Oswego Lake Watershed Council
What makes up Healthy Soil?
- 45% Minerals – weathered rock (sand, silt, clay)
- 5% Organic matter and living organisms
50% Space for air and water.
The solids are glued together into clumps by excretions from soil organisms. These clumps are called soil aggregates. The aggregates make spaces or pores for water and air. These spaces also provide habitats for microorganisms that support decomposition and nutrient cycling.
The fingerprints of climate change are becoming more pronounced with the record crushing temperatures this past weekend in the Pacific Northwest. As prolonged heat and drought become part of the normal rhythms of the season, how do we take care of our trees?
Here are some tips collected from City of Lake Oswego, Friends of Trees and Portland Parks & Recreation to help you shift into summer plant care mode and help your landscapes better handle and recover from spans of extreme heat.
Policeman’s helmet (Impatiens glandulifera) is an invasive weed that grows in ditches, wetlands, and along waterways. Policeman’s helmet germinates in early spring and can grow up to 10 feet tall! A single plant can produce up to 800 seeds. Mature seed pods split and propel seeds up to 20 feet away.
Join the Tualatin Soil and Water Conservation District as they highlight harmful weeds found in our region, detail our priority species, and introduce ways you can get involved. This year’s Weed Watcher Workshop is recorded for folks to watch on their own. You can even test your identification skills with our online quiz.
Those who complete the online quiz and live in Washington County will receive a printed copy of the Weed Watchers Guide, as well as a portable boot brush!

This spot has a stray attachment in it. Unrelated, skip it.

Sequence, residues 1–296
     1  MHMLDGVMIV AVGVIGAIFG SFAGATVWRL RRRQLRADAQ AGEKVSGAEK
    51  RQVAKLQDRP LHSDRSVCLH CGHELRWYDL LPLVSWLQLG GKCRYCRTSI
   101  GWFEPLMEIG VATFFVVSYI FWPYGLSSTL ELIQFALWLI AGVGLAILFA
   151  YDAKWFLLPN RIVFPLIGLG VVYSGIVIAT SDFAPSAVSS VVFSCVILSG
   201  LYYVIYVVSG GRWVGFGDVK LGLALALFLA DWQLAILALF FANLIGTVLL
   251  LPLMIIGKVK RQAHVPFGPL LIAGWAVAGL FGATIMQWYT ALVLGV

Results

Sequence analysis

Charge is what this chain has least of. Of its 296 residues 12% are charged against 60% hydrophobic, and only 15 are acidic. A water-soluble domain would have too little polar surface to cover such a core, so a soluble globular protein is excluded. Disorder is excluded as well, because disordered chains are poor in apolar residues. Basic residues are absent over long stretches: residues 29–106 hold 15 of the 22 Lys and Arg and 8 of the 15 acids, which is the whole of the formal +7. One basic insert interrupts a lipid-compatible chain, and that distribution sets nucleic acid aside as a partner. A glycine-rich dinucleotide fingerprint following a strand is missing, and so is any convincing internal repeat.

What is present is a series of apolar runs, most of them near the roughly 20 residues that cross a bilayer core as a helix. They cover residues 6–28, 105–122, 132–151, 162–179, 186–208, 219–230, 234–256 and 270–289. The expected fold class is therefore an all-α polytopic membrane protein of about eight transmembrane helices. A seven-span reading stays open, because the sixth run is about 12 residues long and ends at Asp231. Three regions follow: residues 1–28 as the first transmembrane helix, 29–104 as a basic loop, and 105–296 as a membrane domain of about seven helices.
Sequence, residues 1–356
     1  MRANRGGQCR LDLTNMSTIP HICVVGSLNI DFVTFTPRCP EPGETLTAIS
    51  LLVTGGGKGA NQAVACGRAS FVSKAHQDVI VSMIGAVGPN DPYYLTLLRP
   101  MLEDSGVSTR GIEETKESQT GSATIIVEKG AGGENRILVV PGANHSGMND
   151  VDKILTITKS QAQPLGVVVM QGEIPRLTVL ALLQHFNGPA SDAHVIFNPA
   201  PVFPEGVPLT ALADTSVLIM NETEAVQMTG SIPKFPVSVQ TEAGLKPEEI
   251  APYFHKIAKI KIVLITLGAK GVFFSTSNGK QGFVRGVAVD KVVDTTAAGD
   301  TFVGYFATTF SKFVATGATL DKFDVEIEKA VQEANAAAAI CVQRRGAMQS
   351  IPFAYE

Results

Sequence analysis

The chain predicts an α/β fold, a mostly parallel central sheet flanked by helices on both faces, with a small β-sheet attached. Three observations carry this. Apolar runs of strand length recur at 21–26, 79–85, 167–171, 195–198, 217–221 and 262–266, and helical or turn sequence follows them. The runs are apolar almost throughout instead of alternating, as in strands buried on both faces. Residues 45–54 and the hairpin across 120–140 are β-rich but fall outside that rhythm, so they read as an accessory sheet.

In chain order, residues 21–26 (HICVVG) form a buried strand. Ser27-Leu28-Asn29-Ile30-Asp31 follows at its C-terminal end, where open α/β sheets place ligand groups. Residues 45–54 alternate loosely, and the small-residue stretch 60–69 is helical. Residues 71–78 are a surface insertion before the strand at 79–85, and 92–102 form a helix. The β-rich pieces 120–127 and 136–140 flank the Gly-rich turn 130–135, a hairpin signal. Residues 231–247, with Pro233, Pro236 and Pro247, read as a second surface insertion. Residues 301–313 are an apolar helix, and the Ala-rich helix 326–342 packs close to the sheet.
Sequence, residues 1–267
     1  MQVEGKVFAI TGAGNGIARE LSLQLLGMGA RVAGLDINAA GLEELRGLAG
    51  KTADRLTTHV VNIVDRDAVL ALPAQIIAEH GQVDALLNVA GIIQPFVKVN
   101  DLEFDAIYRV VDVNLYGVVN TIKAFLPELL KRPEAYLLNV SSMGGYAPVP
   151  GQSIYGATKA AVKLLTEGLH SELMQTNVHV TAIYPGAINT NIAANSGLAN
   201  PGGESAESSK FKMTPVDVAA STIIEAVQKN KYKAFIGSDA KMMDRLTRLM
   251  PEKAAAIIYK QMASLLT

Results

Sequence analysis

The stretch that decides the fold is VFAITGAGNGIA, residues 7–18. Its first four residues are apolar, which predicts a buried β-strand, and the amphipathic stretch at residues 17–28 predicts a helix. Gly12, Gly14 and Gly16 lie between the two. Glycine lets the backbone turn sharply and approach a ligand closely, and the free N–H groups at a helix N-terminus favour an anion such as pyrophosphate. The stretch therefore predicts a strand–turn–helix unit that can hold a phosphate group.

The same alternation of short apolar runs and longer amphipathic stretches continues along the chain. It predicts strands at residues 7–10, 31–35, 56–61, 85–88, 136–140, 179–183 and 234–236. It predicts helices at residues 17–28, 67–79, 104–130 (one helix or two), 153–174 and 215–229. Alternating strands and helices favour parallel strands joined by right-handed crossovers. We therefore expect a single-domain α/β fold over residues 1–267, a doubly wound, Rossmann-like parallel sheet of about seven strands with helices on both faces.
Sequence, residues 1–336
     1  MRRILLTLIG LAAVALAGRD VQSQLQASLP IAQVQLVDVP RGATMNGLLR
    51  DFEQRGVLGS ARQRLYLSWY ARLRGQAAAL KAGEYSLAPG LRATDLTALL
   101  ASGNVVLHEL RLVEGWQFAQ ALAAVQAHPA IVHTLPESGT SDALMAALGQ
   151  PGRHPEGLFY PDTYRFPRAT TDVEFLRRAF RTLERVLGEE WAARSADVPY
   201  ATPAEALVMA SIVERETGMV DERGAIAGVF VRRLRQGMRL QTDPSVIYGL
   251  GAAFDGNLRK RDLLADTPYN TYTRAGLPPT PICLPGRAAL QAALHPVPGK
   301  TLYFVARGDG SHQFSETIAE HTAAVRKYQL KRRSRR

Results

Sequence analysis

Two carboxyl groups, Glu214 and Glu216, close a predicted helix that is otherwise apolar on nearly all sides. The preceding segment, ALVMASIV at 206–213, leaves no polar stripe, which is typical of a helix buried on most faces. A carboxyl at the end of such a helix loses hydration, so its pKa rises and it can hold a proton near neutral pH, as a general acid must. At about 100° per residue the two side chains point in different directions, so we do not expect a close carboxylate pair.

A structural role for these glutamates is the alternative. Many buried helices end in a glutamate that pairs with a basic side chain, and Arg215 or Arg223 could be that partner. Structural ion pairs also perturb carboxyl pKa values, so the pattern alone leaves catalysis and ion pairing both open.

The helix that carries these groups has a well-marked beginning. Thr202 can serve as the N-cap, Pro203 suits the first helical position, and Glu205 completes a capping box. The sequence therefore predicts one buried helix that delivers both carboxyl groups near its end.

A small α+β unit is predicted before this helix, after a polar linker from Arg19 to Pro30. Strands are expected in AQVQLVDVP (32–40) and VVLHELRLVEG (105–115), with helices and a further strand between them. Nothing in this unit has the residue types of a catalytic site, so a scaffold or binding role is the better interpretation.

Click on the image above to find local sources of native plants, including local plant sales, as well as retail, wholesale and native plant seed suppliers.
For more resources including what plants to use for different conditions (sunny & dry, shady & wet, etc.), you may want to also look HERE.
Oswego Lake Watershed Council’s number one priority is the health of our community and volunteers. We appreciate all of you and want you to know that our staff is closely monitoring the spread of COVID-19 and taking appropriate measures to ensure that we are doing our part to promote wellness in the community.
The murders of George Floyd and Breonna Taylor at the hands of the police have reinvigorated national conversations around racial justice, and police violence against Black people. We condemn this racial violence.
Environmental justice is inherently linked with social and racial justice. We cannot have a safe and healthy watershed unless we address the conditions that harm folks who live in our community. We envision a world where a black man can hike through our local parks and birdwatch without fear of surveillance or violence. Where everyone can breathe, and have access to clean air and clean water.